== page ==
SW: We’re demonstrating what we consider a very important aspect of managed SD-WAN services—a single window into the service offering that unifies all the multiple vendor solutions with a consistent digital user interface. The service provider can use this unified portal to add and configure new sites, set up policies, and get end-to-end service visibility through various dashboards. And through this portal, the service provider can also give varying degrees of control to its customers—from configuration to maybe just a view of how its services are performing. The portal is, from our experience, an important tool for service providers to increase their customers’ level of trust and confidence, especially when they are running mission-critical application flows and policies on the service.
DBL: I know you place a lot of emphasis in the PoC on value-added services. Can you elaborate?
SW: We’re all familiar with the term ‘service chaining’ of VNFs. What we want to highlight in this PoC is the business outcome of using universal CPEs, in combination with VNFs, in the SD-WAN service context. SD-WAN services are going to continually evolve within the lifecycle of the service. Customer needs change very quickly, and new capabilities have to be introduced into the service very dynamically. Using service chaining on the uCPE is an important aspect that we demonstrate in this PoC.
DBL: What is the digital marketplace aspect of the PoC?
SW: So far, the focus of SD-WAN has mostly been in the large enterprise segment that typically has unique requirements, which leads to ordering times lengthened by extensive interactions between the pre-sales teams of the service provider and the IT department of the large enterprise customer. In contrast, very large numbers of small- and medium-sized businesses (SMB) have very clear and standard requirements that can be supported with standard product packages. This is where the digital marketplace comes into play as it’s more of an e-commerce platform with a very intuitive interface that can cater to this very large SMB market, enabling customers to select, purchase and activate SD-WAN services.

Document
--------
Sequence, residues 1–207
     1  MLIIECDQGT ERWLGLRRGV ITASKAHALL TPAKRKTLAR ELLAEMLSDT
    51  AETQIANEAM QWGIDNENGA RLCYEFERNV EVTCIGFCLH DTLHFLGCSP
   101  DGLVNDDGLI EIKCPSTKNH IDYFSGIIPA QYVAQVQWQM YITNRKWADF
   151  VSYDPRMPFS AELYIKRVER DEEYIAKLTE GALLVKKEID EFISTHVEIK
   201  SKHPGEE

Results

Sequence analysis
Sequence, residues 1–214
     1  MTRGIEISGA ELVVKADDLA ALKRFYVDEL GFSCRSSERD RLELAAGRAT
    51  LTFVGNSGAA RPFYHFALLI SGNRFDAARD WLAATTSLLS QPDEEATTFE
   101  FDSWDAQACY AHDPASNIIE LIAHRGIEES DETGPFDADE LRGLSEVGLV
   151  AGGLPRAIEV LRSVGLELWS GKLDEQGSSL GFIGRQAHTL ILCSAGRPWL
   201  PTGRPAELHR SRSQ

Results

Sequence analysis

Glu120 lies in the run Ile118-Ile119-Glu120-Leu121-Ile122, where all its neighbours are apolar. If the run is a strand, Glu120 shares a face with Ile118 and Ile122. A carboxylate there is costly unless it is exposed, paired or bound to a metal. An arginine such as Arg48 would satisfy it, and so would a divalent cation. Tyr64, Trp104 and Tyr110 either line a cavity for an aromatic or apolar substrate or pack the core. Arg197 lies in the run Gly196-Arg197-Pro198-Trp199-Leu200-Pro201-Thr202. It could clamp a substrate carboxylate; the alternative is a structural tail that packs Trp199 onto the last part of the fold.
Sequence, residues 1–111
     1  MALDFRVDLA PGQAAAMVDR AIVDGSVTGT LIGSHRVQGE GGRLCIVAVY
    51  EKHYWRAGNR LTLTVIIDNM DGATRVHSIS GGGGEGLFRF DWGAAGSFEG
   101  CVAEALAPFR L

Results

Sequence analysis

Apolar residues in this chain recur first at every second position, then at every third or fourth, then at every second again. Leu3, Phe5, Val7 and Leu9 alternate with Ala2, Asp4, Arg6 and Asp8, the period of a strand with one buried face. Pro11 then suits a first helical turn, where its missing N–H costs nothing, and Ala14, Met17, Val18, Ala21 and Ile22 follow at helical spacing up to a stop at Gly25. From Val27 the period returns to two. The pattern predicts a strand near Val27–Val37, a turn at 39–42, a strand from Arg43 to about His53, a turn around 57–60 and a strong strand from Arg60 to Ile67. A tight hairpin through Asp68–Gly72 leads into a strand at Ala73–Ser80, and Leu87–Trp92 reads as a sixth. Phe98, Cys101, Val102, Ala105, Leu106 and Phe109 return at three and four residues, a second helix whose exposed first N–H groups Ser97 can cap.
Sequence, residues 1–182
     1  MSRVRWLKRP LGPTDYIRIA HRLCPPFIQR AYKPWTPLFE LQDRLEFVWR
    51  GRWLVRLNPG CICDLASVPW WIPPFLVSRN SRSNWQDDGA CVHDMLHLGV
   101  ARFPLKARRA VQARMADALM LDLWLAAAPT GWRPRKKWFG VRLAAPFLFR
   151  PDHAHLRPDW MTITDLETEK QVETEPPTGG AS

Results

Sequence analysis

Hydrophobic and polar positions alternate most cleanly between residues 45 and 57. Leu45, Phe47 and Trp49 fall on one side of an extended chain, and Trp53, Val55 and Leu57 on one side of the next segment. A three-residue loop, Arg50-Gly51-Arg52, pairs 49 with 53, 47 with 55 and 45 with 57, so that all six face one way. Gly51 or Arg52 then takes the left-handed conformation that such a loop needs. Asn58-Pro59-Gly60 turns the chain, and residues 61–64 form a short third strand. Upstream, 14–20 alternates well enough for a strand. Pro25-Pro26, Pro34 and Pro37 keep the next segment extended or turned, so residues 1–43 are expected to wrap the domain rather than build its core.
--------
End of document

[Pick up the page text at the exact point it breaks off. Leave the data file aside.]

However, we are finding that large enterprises are also interested in this approach—not as way to purchase services from the service provider—but as a more efficient internal tool for various departments of the large enterprise organization (or national or regional offices) to purchase their own services with internal pricing.
DBL: Sue, what would you like to see as an outcome of this MEF 3.0 PoC?
SW: All of the participants in this PoC would like to see service providers that are in a similar position to NTT—that are already offering, or plan to offer, multivendor SD-WAN and value-added services—talk to us at the MEF19 event and, afterwards, to understand the template for multi-vendor SD-WAN services and the various capabilities demonstrated in this PoC. As well as, how they can use this template to create their own multi-vendor SD-WAN services, scale them, and differentiate their offerings with a digital user experience. I would also encourage them to read our MEF 3.0 PoC (102) White Paper .